Dire conditions for civilians trapped in Iraq's Fallujah: UN

AFP , Thursday 26 May 2016

Fallujah operation
Iraqi government forces walk east of Fallujah on May 25, 2016 during a major assault to retake the city from Islamic State (IS) group (Photo: AFP)

Only 800 people have been able to flee Fallujah since Iraqi forces launched a major offensive to retake the city, the United Nations said in a statement released Thursday.

Lise Grande, the UN's humanitarian coordinator for Iraq, said that those who managed to leave the city occupied by the Islamic State group reported dire living conditions inside.

"We are receiving distressing reports of civilians trapped inside Fallujah who are desperate to escape to safety, but can't," the statement quoted her as saying.

The UN said that only 800 people had been able to flee Fallujah since May 22, "mostly from outlying areas".

"Some families report having to walk for hours under harrowing conditions to reach safety. People trapped in the city centre are thought to be most at risk -- unable to flee," the UN said.

Grande said that those who managed to flee told of a dire situation inside the city, which lies only 50 kilometres (30 miles) west of the capital Baghdad.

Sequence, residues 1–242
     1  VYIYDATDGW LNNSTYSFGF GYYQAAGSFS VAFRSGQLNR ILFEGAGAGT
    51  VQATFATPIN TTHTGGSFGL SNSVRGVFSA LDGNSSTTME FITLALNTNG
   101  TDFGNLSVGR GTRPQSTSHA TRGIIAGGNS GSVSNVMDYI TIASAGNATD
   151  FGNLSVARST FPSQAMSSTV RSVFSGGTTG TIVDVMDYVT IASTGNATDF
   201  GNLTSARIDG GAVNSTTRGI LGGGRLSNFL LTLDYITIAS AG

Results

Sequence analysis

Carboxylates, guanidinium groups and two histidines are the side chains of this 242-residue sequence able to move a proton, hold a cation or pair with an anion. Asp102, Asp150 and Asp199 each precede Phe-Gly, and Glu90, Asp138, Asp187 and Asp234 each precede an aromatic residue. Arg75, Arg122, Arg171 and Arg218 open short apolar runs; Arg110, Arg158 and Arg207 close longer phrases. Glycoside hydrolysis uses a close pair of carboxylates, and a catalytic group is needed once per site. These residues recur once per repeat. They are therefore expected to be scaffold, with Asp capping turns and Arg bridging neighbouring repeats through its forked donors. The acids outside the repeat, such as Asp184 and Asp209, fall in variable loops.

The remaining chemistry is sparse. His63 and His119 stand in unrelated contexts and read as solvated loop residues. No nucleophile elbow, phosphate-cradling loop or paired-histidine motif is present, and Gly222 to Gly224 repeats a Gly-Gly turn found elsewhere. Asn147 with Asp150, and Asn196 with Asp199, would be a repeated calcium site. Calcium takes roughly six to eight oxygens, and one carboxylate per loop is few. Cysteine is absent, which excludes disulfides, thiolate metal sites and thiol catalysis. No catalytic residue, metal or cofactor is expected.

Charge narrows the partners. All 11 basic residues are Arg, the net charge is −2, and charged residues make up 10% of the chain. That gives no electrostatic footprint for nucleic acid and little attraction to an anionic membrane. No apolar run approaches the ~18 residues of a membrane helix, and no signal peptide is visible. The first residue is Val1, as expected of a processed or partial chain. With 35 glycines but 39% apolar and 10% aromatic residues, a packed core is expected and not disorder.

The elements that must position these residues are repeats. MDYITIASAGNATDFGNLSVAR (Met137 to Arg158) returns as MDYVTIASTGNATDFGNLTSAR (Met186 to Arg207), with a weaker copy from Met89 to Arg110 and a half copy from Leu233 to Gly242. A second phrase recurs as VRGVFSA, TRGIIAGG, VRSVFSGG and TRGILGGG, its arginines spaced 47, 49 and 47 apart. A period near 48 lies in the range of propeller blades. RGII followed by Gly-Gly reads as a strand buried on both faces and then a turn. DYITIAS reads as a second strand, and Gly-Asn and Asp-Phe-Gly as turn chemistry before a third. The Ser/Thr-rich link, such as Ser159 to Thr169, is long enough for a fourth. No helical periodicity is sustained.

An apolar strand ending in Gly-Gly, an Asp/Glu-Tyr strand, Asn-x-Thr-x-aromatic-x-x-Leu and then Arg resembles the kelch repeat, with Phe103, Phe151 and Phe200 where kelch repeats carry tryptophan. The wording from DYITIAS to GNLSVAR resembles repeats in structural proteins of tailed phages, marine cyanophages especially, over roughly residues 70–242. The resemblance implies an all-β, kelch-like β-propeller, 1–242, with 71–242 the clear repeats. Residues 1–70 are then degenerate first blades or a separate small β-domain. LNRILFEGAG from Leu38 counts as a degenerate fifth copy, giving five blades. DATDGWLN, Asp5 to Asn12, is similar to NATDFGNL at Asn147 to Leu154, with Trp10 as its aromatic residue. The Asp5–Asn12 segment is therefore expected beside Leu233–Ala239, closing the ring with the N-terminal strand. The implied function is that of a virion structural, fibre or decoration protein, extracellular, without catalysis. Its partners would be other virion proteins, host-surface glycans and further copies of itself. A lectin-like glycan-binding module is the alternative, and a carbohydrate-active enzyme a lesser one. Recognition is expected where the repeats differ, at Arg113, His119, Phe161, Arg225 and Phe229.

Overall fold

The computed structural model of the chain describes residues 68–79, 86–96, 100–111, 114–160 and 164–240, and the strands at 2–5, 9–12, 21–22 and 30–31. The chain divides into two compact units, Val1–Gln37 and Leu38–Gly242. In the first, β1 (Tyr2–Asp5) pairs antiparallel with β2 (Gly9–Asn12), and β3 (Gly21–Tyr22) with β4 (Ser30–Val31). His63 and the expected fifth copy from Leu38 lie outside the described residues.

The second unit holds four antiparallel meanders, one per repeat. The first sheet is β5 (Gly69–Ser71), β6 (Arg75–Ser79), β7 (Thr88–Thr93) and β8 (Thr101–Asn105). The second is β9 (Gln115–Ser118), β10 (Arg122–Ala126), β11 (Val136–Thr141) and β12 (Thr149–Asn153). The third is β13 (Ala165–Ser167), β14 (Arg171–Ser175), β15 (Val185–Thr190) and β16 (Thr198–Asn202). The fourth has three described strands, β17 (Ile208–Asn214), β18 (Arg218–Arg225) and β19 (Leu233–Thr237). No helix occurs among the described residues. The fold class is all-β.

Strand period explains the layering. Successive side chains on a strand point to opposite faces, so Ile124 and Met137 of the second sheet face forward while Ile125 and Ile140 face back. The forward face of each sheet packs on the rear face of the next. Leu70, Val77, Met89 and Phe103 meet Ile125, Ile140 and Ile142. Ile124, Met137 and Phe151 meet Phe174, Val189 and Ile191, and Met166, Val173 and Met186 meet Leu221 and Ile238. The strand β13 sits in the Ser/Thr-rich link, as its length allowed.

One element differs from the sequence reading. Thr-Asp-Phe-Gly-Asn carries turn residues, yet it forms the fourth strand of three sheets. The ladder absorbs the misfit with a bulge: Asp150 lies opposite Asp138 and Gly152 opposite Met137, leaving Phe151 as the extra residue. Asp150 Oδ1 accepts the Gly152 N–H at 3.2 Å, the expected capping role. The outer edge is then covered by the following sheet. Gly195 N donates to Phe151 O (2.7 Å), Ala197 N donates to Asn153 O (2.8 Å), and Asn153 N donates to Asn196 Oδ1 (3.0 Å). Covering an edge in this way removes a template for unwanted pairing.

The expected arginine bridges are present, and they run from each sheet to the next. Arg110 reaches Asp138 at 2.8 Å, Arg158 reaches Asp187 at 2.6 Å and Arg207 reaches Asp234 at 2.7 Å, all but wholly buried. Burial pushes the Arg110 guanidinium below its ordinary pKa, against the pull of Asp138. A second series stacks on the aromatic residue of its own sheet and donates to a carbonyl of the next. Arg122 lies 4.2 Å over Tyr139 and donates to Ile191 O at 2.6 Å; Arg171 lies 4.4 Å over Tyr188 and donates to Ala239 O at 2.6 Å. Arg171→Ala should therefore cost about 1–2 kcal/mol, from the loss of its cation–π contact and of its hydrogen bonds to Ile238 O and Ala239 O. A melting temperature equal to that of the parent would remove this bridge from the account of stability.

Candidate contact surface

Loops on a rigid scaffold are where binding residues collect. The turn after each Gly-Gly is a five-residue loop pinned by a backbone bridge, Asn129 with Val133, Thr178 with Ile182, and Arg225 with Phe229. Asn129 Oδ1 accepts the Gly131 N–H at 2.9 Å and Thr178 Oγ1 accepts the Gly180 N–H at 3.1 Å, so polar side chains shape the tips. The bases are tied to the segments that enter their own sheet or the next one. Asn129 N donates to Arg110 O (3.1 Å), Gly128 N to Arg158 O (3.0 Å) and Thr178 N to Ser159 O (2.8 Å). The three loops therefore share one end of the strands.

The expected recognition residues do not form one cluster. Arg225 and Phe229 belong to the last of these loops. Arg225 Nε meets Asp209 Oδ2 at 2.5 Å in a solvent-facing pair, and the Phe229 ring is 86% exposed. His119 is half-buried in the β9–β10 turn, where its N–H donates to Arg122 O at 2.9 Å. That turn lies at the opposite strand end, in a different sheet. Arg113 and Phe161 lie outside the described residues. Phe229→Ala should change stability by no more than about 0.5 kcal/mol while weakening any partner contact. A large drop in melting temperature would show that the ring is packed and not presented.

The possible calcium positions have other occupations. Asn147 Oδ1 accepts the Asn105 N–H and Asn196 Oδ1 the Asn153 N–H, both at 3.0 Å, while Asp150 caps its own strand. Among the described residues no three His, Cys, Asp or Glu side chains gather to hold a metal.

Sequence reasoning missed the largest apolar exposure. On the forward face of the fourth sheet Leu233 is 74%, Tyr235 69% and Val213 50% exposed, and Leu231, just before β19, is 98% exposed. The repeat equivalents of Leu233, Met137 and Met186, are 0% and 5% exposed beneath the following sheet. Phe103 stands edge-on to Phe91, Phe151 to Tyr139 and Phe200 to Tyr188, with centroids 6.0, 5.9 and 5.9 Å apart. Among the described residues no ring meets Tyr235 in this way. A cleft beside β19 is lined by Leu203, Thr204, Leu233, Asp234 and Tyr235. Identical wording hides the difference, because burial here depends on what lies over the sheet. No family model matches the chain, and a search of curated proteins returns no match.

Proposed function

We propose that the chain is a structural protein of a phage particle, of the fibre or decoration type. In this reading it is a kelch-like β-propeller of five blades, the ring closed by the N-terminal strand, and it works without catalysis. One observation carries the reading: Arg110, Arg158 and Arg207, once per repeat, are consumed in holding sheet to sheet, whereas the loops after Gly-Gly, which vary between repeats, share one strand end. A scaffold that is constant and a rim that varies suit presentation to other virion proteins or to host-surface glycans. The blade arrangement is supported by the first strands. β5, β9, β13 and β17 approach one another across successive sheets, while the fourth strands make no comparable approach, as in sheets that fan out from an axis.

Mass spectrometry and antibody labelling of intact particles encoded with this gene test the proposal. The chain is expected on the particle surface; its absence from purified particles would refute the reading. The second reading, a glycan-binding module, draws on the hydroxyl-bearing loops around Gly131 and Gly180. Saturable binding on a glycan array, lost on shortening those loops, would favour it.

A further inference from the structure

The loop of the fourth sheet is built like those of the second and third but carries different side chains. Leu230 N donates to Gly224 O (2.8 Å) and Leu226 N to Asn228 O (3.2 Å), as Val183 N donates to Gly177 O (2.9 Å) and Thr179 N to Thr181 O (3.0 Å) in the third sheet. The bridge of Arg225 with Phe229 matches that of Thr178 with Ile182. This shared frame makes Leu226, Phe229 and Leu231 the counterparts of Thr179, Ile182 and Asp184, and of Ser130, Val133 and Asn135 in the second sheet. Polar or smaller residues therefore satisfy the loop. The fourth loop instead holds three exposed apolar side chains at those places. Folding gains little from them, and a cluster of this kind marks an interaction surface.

"Food supplies are limited and tightly controlled. Medicines are exhausted and many families have no choice but to rely on dirty and unsafe water sources," she said.

The UN and other humanitarian agencies have been unable to deliver much of the available assistance due to the lack of access since the operation was launched on May 22-23.

Humanitarian corridors discussed with the Iraqi authorities have largely failed to materialise so far.

Jihadist fighters holed up in the Fallujah city centre have been imposing a curfew and forbidding residents to leave their homes, apparently using them as human cover.

Residents contacted inside Fallujah have also said that the amount of bombs and booby traps laid by IS in and around the city would make any flight very perilous.

The UN's refugee agency also said on the first day of the operation that supply routes were effectively cut off by the tens of thousands of Iraqi forces surrounding the city, thus also preventing civilians from leaving.

Various rights and other groups had warned the Iraqi government against resorting to starvation tactics to defeat IS in Fallujah, where the UN estimates around 50,000 civilians remain.

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